Bayern Munich arguably made one of the most underrated signings of the transfer window in Marc Roca. The €15 million price tag is a bargain for analysts that have been tracking the Spaniard. The 23-year-old, deep-lying regista stood out in La Liga in contrast to his club Espanyol, who were ultimately relegated.
Left-footed and 1.84m tall, Roca’s elegant ability on the ball with a straight-backed posture is characteristic of the many great number 6s produced by Spain. Bayern Munich have had a history of scouting metronomic Spanish midfielders that have brought their fans a ton of joy. This scout report aims to answer the question, “Where does Marc Roca place in the pecking order of the state of the art laboratory that is Bayern’s midfield?”
We provide a tactical analysis of how Marc Roca’s attributes fit into Bayern’s midfield. We first conduct an analysis of his passing and defending repertoire. After an overview of Bayern’s tactics, we compare Roca with Bayern’s centre midfielders through key statistical metrics. His transition shall be in phases. At first, he will come in as an understudy, filling a spot in the squad originally vacated by Thiago’s departure to Liverpool. Consequently, we believe that he would provide a new dimension to Bayern style of play.
Roca’s most developed attribute is undoubtedly his long-passing. He routinely plays 40-yard cross-field balls whilst maintaining a straight back, This is indicative of a strong ball-striking technique and raw power. Consider the following illustration:
Roca normally opts for the line-breaking, progressive pass when he can. He had an 81.3% pass completion rate to his progressive passes last season. More impressive is his pass success rate of 90.7% for passes further than a distance of 40m. This underlines the point that his long-passing is the bread and butter of Roca’s natural game.
In 2019/20, the average long passes made per 90 in the Bundesliga was 3.3 as compared to La Liga’s 3.5. Roca’s penchant to move the ball in a more direct fashion adds value to Bayern Munich during transitions. Especially in a league known for its pressing, a quick cross-field long ball may likely give Bayern serious options on the counter.
Roca is no stranger to being pressed. Traditionally, a regista may need protection from his fellow midfielders in order to assume a deeper position and dictate the tempo. However, beating the press through good ball control is a fundamental trait required from a modern number 6. Consider the following position:
Espanyol are trying to get the ball out of danger from their opponent’s set-piece. With three players pressing him, Roca’s balance and ball control allow him to slip past and dribble the ball five yards. Furthermore, his passing abilities permitted him to send a perfectly weighted lob onto the flank under pressure to trigger a potent counter.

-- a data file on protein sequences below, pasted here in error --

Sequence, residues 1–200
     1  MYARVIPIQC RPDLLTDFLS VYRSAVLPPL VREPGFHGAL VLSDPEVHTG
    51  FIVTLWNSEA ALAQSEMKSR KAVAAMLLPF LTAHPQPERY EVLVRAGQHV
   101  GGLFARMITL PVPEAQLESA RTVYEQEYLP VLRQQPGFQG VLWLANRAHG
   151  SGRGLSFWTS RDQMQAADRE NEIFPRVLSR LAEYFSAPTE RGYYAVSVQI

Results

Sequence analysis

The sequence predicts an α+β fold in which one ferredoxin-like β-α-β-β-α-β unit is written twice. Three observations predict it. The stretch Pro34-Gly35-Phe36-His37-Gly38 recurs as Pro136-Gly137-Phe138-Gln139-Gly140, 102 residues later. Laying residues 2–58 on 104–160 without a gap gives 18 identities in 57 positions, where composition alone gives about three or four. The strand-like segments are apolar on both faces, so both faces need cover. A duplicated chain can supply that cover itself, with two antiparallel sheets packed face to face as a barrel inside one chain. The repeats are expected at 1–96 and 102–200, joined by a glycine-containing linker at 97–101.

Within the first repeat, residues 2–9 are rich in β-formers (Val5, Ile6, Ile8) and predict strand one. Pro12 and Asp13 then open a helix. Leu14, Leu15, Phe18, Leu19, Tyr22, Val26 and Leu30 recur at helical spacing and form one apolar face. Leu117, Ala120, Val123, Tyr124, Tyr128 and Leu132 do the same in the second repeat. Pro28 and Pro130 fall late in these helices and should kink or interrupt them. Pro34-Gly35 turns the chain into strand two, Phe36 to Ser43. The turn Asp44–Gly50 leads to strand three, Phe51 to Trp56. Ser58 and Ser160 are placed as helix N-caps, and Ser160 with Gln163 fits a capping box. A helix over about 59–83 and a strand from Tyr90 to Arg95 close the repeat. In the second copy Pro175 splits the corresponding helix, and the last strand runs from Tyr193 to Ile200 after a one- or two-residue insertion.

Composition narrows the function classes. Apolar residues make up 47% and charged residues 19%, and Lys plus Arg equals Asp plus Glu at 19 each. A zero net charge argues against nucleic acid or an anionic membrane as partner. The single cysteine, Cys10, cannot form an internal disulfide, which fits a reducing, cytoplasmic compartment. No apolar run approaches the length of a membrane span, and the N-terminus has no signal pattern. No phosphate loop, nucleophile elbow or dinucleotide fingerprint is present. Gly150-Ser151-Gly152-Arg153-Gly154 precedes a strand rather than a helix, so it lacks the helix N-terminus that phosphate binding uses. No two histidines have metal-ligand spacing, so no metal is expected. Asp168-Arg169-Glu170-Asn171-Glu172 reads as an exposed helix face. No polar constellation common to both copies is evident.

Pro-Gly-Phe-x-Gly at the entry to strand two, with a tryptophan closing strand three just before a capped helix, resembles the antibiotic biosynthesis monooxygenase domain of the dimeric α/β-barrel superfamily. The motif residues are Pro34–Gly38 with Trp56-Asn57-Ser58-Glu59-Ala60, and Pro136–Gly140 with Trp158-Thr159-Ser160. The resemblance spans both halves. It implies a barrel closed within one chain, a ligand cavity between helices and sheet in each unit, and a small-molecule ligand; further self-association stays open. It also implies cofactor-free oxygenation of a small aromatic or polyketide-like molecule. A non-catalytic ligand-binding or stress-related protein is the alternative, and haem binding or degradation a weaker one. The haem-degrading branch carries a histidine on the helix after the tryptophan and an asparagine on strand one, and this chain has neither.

In addition to the said raw talent, Roca possesses a mature in-game IQ. Unlike the previous position which was a transition, Espanyol have sustained possession for a while in the following position.
Roca has two options for playing a shorter pass and the opponent’s left centre-back presses to mark his teammate on the right. His teammate on the left makes a diagonal decoy run. Roca’s reading of the flow of play, in conjunction with his intuition on when to release the pass, permit him to play a disguised lob to the furthest striker. The opposing right centre-back is deceived by Roca’s body positioning and line of sight as his target man is suddenly afforded a ton of empty space in front of goal.
The Spaniard notably shows a strong understanding of players around him. He applies this understanding in his pressing aimed at disrupting his opponent’s build-up play from the back. Roca is a number 6, but routinely ventures further up the pitch to trigger a duel with the opposition’s number 6.
In the above image, Roca’s charge at the opposition midfielder’s blindside is unanticipated. He then imposes his physicality to lunge in and win the ball high up the pitch. His positional awareness in this situation is relevant, as he commits to the challenge knowing that his teammates are well-positioned to win the second-ball.
For a regista, Roca has a well-rounded skill set equipped to fit into a variety of systems. This is especially true for a Bayern team that normally enjoy the majority of possession, have a high defensive line and more importantly, have world-class attackers. Regardless, a smooth transition from a relegated Espanyol to the champions of Europe is over-optimistic.
Bayern’s elite double-pivot
The champions of Europe would not have been able to run riot in Europe without a metronomic backbone. With Thiago’s departure this season, Bayern play their signature 4-2-3-1 with Joshua Kimmich and Leon Goretzka as the double pivot. In addition to the high standards of pace expected from every Bayern player, their centre-midfielders have distinct roles. Kimmich is an orchestrator whereas Goretzka is box-to-box number 8. The unique roles of Bayern’s double pivot is observed in the following sequence:
Kimmich’s pass initiated an overload on the right. Mueller’s decoy run drew the defender out of his position leaving an ounce of space behind him. This allows Goretzka to drive into the box becoming the target of the passing sequence. A neat interplay with Lewandowski thereafter led to a model Bayern goal. Therefore, Bayern’s 6 routinely initiates overloads on one flank and their number 8 overloads the centre to pose hard questions to the opposition’s marking.